• Avocadoes – 1 ct
  • Bananas, Grn/Ylw – 1.5 lbs
  • Berries, Strawberries – 1 lb
  • Grapefruit – 1 ct
  • Oranges, Navel – 3 ct

Medium Box

  • Asparagus – 1 bunch
  • Carrots – 1 lb
  • Kale – 1 bunch
  • Mushrooms – 5 oz
  • Salad, mixed – 8 oz
  • Spinach, loose – 8 oz
  • Onion, Red – 1 lb
  • Tomatoes, Roma – 1 lb
  • Yams, Garnet – 3 lbs
  • Apples, Braeburn – 1 bag
  • Avocadoes – 2 ct
  • Bananas, Grn/Ylw – 3.25 lbs
  • Berries, Strawberries – 1 lb
  • Grapefruit – 3 ct
  • Oranges, Navel – 6 ct

Large Box

  • Asparagus – 1.5 bunch
  • Carrots – 1.5 lb
  • Kale – 1.5 bunch
  • Mushrooms – 8 oz
  • Salad, mixed – 8 oz
  • Spinach, loose – 12 oz
  • Onion, Red – 1.5 lb
  • Tomatoes, Roma – 1.5 lb
  • Yams, Garnet – 4.5 lbs
  • Apples, Braeburn – 1.5 bag
  • Avocadoes – 3 ct
  • Bananas, Grn/Ylw – 4.75 lbs
  • Berries, Strawberries – 2 lb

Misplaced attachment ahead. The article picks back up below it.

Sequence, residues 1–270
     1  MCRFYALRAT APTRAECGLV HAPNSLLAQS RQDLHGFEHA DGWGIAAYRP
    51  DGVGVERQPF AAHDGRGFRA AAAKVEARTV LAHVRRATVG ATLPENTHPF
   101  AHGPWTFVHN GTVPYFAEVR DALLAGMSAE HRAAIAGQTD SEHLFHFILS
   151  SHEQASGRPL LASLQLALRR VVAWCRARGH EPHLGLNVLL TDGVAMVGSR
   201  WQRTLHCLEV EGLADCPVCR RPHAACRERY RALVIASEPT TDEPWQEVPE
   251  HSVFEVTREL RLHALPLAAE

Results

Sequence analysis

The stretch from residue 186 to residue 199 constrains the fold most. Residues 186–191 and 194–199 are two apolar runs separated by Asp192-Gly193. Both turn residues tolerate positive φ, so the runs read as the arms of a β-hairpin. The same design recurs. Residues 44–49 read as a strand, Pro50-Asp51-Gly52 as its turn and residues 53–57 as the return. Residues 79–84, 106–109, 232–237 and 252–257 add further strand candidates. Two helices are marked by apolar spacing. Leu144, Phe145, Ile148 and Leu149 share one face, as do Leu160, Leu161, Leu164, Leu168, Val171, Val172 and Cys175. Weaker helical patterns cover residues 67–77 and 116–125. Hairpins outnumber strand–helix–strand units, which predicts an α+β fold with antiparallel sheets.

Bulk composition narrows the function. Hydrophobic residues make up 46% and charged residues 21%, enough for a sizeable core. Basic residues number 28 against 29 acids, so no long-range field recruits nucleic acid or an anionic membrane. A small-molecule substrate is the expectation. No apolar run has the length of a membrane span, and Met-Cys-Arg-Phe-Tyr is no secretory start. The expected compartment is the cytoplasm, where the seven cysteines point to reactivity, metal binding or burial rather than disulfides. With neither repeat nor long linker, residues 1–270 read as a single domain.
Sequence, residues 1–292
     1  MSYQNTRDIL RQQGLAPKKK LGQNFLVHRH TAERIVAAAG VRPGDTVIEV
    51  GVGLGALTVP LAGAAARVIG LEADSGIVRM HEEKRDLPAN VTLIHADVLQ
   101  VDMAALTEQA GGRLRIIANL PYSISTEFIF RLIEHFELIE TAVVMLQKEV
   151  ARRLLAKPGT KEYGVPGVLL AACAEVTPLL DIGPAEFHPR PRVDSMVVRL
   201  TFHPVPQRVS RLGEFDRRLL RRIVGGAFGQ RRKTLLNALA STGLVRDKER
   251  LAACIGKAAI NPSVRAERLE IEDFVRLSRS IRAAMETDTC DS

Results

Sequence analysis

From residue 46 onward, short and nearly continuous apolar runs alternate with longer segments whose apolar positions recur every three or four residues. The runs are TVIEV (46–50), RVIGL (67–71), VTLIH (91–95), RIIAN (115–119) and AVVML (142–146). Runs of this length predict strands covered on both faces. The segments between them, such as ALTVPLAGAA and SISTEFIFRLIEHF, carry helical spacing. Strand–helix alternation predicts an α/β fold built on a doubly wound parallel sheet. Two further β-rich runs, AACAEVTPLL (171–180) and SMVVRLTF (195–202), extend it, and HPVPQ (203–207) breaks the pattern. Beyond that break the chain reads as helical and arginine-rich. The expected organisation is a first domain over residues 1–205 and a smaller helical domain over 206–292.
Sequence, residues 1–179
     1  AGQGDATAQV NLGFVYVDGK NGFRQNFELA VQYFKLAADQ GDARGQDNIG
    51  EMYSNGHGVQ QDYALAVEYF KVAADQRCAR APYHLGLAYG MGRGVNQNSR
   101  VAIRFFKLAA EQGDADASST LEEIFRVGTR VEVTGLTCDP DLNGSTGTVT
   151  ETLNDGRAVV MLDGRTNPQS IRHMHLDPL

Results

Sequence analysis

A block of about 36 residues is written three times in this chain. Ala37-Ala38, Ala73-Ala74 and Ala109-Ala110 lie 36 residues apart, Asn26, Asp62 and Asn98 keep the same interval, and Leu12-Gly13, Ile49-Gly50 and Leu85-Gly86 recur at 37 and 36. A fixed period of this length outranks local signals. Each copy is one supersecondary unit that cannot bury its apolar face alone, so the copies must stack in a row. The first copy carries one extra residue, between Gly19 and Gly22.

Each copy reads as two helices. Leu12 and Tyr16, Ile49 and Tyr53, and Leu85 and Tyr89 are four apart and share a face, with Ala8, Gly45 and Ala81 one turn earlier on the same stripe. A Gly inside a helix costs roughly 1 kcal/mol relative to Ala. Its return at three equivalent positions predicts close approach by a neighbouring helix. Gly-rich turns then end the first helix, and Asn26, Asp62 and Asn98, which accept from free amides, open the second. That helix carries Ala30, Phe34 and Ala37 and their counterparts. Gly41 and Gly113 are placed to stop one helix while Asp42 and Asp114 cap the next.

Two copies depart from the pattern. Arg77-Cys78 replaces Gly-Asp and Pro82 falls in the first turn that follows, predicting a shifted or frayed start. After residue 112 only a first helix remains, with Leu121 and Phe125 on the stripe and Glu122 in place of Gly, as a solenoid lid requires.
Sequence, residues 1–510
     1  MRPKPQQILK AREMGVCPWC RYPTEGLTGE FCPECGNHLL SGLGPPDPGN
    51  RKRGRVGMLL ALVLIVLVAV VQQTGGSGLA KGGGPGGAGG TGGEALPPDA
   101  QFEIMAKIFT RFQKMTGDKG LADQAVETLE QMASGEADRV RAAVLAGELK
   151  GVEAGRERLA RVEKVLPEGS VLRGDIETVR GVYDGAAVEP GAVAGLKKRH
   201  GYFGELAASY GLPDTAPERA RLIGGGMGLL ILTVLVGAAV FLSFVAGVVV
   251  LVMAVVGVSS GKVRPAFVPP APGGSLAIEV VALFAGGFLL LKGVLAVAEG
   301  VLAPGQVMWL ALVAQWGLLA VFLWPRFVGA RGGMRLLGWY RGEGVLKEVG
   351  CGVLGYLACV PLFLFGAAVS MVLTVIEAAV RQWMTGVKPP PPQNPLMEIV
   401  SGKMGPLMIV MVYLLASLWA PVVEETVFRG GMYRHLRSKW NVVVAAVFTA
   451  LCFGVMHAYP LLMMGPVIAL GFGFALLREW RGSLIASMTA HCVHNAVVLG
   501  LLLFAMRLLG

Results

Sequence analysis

• Grapefruit – 4 ct
  • Oranges, Navel – 9 ct

Extra Large Box

  • Asparagus – 2 bunches
  • Carrots – 2 lbs
  • Kale – 2 bunches
  • Mushrooms – 10 oz
  • Salad, mixed – 16 oz
  • Spinach, loose – 16 oz
  • Onion, Red – 2 lbs
  • Tomatoes, Roma – 2 lbs
  • Yams, Garnet – 6 lbs
  • Apples, Braeburn – 2 bags
  • Avocadoes – 4 ct
  • Bananas, Grn/Ylw – 36.5 lbs
  • Berries, Strawberries – 2 lbs
  • Grapefruit – 6 ct
  • Oranges, Navel – 12 ct

 

This Week is Thrive Week!!!

Friendly Reminder:

This coming Thursday, March 24, is a Thrive Week.  There are two locations and times:

Details (Acts 2 Church Pick Up):

Where:  Acts 2 Church in Edmond at 4848 West Covell Road (click here for map)
What:  A second location for those who live in that area and/or belong to that church community